Study supports telehealth model for medication abortion

In a survey, patients express feeling comfortable receiving guidance from their primary-care provider, in contrast with an out-of-network clinician.

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Women who had telemedicine access to a trusted primary-care provider and received a prescription for medication abortion described the experience as “easy,” “safe” and “convenient,” according to research published this week in the Annals of Family Medicine.

The qualitative study of 14 people in a Massachusetts health system found that having access to medication abortion pills via their primary care provider, versus through a clinic outside of their system, was a positive and easy experience. 

“I think the big takeaway is that primary care can absolutely do telemedicine and provide medication abortion,” said Dr. Emily Godfrey, the paper’s senior author and a family medicine and OB-GYN physician with UW Medicine in Seattle.

Godfrey noted that because “no one expects to have an unplanned pregnancy,” the ability to navigate within a familiar healthcare system reduces the stress of seeking abortion care.  When medication abortion is included among the services offered in primary care, it normalizes abortion care within the healthcare system, she said. 

“I think our study really highlights that many patients were seen throughout prior pregnancies in their primary-care system and appreciated being able to see the same doctors in the same system for their abortion care. It made them feel more comfortable with the process,” said co-author Anna Fiastro, a researcher in the UW School of Medicine’s Department of Family Medicine.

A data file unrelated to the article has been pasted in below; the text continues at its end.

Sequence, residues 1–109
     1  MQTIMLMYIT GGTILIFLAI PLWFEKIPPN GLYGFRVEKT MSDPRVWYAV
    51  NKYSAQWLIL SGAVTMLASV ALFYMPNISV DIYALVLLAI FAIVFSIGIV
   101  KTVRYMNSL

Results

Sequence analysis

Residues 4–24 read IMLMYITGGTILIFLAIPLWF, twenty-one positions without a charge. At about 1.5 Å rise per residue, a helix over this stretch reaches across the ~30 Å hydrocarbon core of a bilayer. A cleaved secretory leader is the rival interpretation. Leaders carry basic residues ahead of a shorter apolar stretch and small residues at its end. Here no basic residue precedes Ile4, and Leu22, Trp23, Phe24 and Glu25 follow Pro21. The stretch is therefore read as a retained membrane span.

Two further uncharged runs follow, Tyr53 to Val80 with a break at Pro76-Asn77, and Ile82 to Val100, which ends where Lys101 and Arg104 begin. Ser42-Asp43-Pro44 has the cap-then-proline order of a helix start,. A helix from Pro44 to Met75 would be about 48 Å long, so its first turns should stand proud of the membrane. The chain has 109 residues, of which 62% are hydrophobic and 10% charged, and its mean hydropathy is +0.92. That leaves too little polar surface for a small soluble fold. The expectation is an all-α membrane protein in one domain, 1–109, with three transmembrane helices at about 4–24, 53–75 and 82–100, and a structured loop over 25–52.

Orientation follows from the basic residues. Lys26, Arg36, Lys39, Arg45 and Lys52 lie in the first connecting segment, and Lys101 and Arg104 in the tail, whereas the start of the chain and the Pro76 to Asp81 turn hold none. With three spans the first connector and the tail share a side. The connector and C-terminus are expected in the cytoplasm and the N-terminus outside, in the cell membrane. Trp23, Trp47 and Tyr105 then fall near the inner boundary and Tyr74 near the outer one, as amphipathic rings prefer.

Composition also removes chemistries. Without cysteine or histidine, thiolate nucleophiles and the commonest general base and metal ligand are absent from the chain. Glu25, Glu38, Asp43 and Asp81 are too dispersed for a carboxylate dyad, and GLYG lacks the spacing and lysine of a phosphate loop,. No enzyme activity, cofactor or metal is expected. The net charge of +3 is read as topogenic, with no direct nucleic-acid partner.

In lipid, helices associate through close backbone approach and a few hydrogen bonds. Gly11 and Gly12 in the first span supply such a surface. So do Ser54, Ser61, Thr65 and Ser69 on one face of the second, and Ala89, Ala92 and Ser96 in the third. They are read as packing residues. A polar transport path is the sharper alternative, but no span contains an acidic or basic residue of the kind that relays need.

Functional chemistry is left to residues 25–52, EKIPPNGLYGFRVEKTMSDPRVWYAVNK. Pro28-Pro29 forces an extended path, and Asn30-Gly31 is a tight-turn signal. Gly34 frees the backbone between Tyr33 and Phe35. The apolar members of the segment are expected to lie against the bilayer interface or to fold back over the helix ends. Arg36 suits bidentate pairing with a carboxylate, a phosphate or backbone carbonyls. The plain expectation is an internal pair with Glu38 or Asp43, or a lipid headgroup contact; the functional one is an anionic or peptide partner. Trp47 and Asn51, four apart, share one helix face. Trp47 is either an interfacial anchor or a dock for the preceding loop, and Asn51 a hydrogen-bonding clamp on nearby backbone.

The team interviewed 14 patients who had received a medication abortion prescription via telemedicine within a safety-net clinic and hospital health system between July 2020 and December 2021. The languages the patients spoke included English, Spanish and Portuguese. 

Participants reported receiving telemedicine medication abortion services in their primary-care health system as acceptable, positive, and easy to use. Participants discussed how this method of service supported their ability to exercise control over their care, autonomy, and flexibility with completing care while still managing their other responsibilities. They described fewer barriers than when accessing in-person clinic care, authors reported.

Many participants perceived their primary-care health system as the place to go for any pregnancy-related healthcare need, including abortion, the authors noted. The patients also valued receiving abortion care from their established healthcare team even more within the context of their ongoing social and medical concerns, authors noted.

Relatively few hospital systems include abortion services within primary care. At the time of the study, only two U.S. healthcare systems practiced this model, Godfrey noted. She and the co-authors hope that other primary-care systems will adopt the Massachusetts model to decrease silos of care, to normalize abortion care as part of primary care, and to improve access to medication abortion. The system in which this study was conducted has many patients who identify as immigrants. Among them 42% have limited English proficiency requiring professional medical interpretation in over 60 languages, and the majority hold public or subsidized insurance.

Both Godfrey and Fiastro stress that this recommendation is being made to states where telemedicine, abortion medications, and abortion remain legal. Currently such a care delivery model is operating at UW Medicine, which began its telemedicine-medication abortion services last June. 

The authors acknowledged that the study size was small, and encouraged a larger, more diverse study to look at the socioeconomics and demographics of women seeking telemedicine medication abortion. 


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